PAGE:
'Arrow' goes off the rails in a 'very special episode'
Posted February 22
So, as I promised last year, I’ve streamlined my superhero TV viewing habits. I only skim Marvel’s "Agents of S.H.I.E.L.D," I’ve scrapped “Gotham” altogether and I’ve resisted the urge to watch the new X-Men show “Legion.” So as of now, all of my superheroes on television inhabit the Arrowverse, which is the nickname for the shared universe of “The Flash,” DC’s "Legends of Tomorrow,” “Supergirl” and, of course, the titular “Arrow,” which, sadly, is the worst of the lot.
It didn’t use to be. The first two seasons of “Arrow” arguably represent the best comic-book television content ever produced. But it went off the rails in the third season, and it’s never found its way back. I keep watching dutifully in the hopes that it’ll return to greatness, but after the recent “Spectre of the Gun” episode, I’ve come to accept that “Arrow” is only going to keep getting worse.
“Spectre of the Gun” was in the tradition of all those “very special episodes” that dotted the TV landscape back in the 1970s and '80s. You remember those, don’t you? That’s when a sitcom or light comedy decides it wants to tackle some kind of serious theme, like when Arnold on “Diff’rent Strokes” was suddenly confronted by a child molester or when Horshack on “Welcome Back, Kotter” started doing drugs.
The deadly serious nature of the “special episode” content is always wildly inconsistent with the tone of the rest of the series, and thorny social issues intrude into the narrative only to be tidily wrapped up in less than 30 minutes. So Arnold suffered no lasting damage from his encounter with a pedophile and Horshack kicked his drug addiction before the last commercial. In the course of the rest of the series, these earth-shattering events were never mentioned again.
Now I realize “Arrow” is no “Diff’rent Strokes,” and, to be fair, it actually has explored some rather meaty material during its run and done so effectively. The problem is that the issue it chooses to highlight in its “very special episode” was gun violence, which is an area where the Green Arrow/Oliver Queen holds absolutely no moral high ground.
The show begins with a mass shooting at Star City Hall, where Oliver serves as the city’s mayor when he’s not dressed up like Robin Hood and fighting bad guys. The rest of the episode consists of a great deal of hand-wringing by Oliver and his cronies about what kind of legal ordinances Star City ought to adopt to prevent future gun massacres. Character dialogue is peppered with trite partisan slogans that sound like they were cribbed from both MSNBC and Fox News, and the whole thing has the feel of a dreary town hall meeting gone to seed. In the end, Mayor Queen, who is opposed to guns, convinces a gun rights city councilwoman to support a compromise ordinance, and everyone is happy.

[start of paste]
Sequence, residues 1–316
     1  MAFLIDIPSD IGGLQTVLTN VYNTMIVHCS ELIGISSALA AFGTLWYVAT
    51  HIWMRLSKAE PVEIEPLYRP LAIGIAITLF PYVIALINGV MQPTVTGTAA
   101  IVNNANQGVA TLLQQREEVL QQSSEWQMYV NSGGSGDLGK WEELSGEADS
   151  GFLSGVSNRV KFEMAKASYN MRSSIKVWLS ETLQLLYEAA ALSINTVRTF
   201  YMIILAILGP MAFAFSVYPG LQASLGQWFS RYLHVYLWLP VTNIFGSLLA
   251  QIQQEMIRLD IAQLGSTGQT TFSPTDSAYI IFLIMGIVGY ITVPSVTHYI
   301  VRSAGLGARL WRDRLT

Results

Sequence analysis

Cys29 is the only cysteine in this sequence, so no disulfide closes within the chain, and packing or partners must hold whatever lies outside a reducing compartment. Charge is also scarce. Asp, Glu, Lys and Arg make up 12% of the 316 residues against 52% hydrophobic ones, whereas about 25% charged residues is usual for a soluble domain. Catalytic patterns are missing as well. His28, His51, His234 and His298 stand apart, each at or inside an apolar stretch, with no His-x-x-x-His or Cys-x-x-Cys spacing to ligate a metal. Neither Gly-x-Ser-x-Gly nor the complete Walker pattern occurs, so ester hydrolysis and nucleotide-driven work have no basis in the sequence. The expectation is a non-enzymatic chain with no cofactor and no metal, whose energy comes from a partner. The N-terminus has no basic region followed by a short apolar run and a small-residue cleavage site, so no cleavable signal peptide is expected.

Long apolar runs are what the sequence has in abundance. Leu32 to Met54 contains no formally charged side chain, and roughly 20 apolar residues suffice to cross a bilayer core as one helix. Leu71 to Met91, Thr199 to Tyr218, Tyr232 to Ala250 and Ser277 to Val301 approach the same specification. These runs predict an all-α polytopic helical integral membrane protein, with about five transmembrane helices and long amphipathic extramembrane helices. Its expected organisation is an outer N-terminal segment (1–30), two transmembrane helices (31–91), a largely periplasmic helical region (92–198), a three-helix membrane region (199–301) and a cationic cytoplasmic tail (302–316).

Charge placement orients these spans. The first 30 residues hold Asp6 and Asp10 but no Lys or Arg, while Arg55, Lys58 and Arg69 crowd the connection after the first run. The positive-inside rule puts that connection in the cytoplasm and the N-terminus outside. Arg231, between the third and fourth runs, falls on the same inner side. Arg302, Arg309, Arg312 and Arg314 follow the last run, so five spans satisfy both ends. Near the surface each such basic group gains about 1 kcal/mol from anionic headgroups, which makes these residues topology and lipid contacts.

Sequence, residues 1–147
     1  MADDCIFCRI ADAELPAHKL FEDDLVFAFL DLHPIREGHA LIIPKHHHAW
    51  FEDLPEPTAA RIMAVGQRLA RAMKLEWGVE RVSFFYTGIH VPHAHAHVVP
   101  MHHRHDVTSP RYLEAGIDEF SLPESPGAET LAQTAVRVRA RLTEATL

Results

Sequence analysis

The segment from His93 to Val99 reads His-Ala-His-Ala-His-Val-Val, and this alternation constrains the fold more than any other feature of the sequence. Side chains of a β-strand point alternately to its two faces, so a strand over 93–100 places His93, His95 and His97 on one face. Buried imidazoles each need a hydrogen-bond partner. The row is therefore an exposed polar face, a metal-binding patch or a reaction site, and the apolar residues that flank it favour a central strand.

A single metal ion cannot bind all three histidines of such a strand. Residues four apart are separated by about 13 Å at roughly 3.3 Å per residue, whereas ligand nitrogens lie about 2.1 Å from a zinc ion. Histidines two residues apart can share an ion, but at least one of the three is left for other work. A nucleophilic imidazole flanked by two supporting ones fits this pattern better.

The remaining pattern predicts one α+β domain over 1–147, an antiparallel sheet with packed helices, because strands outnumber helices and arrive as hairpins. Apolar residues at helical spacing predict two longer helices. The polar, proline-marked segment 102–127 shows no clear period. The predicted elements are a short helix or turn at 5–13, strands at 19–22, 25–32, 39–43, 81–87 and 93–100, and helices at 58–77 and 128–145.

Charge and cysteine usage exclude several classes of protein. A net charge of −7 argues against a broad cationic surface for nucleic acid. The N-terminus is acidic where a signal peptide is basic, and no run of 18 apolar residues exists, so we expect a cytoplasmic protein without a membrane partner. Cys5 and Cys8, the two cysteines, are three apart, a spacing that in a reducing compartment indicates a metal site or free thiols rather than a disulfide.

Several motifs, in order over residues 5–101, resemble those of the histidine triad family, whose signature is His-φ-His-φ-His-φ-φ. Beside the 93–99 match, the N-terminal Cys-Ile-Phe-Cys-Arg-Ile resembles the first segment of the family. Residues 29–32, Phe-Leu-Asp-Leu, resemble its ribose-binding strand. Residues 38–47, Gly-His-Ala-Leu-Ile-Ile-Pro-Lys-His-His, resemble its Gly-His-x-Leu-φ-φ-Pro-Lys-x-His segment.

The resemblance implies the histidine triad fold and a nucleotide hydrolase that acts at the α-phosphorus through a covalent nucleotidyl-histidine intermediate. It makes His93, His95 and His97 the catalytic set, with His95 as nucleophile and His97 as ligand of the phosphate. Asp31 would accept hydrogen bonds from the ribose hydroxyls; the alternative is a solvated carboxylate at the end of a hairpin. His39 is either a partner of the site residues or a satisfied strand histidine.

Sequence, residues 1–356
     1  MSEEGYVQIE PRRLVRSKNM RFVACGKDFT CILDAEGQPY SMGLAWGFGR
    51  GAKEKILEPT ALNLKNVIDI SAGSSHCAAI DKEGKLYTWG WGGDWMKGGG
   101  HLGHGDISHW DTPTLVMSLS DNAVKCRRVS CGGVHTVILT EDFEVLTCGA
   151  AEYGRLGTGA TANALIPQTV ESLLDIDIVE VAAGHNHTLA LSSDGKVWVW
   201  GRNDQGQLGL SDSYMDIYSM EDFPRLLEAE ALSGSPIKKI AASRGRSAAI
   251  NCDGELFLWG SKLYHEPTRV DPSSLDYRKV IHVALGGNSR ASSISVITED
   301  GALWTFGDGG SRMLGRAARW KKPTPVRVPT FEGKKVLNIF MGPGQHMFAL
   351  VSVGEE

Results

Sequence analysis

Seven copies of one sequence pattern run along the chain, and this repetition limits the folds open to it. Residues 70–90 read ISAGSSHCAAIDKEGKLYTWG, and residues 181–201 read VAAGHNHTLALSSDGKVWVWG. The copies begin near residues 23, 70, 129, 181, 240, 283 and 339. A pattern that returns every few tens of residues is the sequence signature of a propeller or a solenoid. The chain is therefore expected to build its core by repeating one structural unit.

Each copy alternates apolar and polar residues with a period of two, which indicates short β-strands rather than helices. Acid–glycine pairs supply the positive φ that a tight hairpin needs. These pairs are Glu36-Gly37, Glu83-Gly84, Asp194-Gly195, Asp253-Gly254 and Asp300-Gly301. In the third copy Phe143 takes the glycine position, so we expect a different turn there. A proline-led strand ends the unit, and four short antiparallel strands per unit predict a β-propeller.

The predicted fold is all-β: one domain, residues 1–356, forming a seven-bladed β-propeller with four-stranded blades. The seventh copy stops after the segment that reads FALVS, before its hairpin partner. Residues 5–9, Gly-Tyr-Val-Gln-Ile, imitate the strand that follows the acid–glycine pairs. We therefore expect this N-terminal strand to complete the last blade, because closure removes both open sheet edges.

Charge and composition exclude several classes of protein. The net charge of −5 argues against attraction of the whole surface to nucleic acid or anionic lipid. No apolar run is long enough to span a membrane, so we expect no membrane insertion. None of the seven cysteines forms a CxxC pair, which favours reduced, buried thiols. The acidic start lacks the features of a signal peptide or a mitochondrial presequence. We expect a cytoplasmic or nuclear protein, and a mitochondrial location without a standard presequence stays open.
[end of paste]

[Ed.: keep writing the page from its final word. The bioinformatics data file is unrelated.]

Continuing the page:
The problem is that they never provide any details of this magical compromise, so real-world politicians get no guidance as to how to craft their legislative panacea to a problem that has long eluded easy solutions. But even worse than that is the blindness of both the writers and producers to their galling hypocrisy.
Remember, these are characters that dress up in Halloween costumes and blow things up on a nightly basis, using arrows, bullets or whatever they have on hand. How are we supposed to believe the Green Arrow, a vigilante who routinely kills people by shooting arrows into their chests, has any credibility when it comes to telling people they shouldn’t use guns?
That was the final straw for me. I’ll still visit the Arrowverse in all of its spin-off shows, but that “very special episode” of “Arrow” was my last episode of “Arrow.”
Jim Bennett is a recovering actor, theater producer and politico, and he writes about pop culture and politics at his blog, stallioncornell.com.